The story goes that Jack was met by the devil and through various tricks, no doubt aided by a surfeit of Irish Whiskey (yes with an “e”) managed to trap the Devil up a tree and made him agree never to take him into hell.  The Devil kept his word and when Jack wasn’t (of course) admitted to Heaven he came to the Devil who threw him a hot hell coal to keep him warm … Knife in hand he looked around for something to put it in that would provide him with light and warmth and scare off predators … enter Cucurbita Pepo for ever more.

Fast forward and today it is an American institution to carve pumpkins into modern day Jack O’Lanterns, and it’s taken rather seriously indeed … this year’s overall winners … wait for it … NASA. Moving immediately forward to a yet another take on Halloween sans pumpkins (in anything but the supporting cast anyway) and it’s none other than Tom Hanks as David S Pumpkins, although the critics have kinda squashed the show.

Last, and certainly missing a few millennia of human evolution, it’s that roadkill wearing Trumpkin … be afraid be very very afraid … for the whole world … 

Saturday, 29 October 2016

Reviewing the Event

Clutching their piece of the corn dolly and checking the selfies.  The end of the weeks series on the Apple Festival.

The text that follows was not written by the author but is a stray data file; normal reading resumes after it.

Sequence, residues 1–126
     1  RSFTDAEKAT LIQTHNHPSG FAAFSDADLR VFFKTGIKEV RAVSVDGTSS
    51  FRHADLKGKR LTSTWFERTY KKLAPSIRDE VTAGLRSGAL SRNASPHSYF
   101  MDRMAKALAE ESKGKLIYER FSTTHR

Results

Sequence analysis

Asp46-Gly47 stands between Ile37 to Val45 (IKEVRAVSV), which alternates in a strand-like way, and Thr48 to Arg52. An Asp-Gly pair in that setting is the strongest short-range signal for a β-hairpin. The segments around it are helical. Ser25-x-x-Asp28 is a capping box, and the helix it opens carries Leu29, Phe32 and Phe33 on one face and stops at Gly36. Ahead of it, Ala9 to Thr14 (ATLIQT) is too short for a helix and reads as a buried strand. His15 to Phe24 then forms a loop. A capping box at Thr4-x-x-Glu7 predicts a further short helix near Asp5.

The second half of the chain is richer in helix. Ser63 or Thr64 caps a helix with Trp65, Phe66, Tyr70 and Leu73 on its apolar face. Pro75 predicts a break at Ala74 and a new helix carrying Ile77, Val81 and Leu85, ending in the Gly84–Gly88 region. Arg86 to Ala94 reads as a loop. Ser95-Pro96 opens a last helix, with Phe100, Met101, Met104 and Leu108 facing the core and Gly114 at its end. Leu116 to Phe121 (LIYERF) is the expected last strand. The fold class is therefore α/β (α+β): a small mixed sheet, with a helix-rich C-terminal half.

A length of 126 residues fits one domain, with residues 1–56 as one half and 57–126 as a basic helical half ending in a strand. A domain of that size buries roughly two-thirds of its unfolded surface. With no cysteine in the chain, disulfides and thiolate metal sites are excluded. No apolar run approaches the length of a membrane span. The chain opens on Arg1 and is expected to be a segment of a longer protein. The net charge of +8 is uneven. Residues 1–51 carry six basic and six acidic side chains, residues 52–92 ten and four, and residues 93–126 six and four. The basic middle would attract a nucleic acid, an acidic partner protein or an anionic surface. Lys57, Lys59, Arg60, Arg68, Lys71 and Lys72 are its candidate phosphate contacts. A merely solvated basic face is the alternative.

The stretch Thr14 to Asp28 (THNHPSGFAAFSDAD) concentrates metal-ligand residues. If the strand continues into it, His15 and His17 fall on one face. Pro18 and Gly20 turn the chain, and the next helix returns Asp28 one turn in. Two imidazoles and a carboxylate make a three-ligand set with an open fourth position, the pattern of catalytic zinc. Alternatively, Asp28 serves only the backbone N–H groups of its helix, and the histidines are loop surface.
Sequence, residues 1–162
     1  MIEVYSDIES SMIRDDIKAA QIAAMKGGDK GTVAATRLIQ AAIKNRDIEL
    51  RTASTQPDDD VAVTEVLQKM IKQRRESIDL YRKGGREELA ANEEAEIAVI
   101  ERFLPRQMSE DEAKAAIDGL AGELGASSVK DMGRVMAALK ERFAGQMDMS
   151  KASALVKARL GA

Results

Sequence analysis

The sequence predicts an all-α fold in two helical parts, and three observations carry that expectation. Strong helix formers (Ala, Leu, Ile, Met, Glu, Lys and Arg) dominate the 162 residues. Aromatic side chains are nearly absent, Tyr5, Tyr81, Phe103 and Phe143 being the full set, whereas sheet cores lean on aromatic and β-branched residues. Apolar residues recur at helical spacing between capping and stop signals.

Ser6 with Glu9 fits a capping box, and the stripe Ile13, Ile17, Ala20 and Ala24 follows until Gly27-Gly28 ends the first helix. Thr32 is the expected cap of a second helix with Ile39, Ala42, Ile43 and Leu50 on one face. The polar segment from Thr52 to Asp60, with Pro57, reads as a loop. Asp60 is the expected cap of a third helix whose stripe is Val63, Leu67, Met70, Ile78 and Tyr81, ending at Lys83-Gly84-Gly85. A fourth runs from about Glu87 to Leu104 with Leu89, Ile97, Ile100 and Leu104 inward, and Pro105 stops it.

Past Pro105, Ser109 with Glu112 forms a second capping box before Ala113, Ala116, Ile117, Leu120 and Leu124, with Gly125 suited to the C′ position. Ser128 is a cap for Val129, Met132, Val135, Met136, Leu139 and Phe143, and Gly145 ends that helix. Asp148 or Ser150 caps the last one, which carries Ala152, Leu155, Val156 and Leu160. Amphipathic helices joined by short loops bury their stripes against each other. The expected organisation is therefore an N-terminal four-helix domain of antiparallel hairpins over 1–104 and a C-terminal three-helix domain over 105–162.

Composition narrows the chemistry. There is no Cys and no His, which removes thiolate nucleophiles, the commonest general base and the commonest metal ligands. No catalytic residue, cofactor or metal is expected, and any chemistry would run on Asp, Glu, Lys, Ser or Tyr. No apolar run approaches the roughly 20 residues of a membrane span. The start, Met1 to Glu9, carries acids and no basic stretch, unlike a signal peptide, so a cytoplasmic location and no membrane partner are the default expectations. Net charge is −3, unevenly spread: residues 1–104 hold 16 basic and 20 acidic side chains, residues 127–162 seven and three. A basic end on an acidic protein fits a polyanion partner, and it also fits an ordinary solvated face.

Friday, 28 October 2016

The Finale

The finale to the apple festival is to tear the corn dolly apart and throw the pieces to the crowd. 

Thursday, 27 October 2016

A Bit of Dancing

No English festival would be complete without the Morris Dancers.  These were the troop that kicked their heels up at the Apple festival.

Wednesday, 26 October 2016

Tuesday, 25 October 2016

Monday, 24 October 2016

Apple Day

A relatively modern celebration, Apple Day, was first celebrated in 1990 in Covent Garden. Now it is celebrated every year throughout the country on the weekend closest to the 30th of October.

Characters from much older traditions are commonly found joining in this more modern festival. The GreenMan was spotted at Apple Day festivities yesterday at the Borough Market.  Over the next few days I'll introduce you to a few of the others I spotted celebrating the occasion.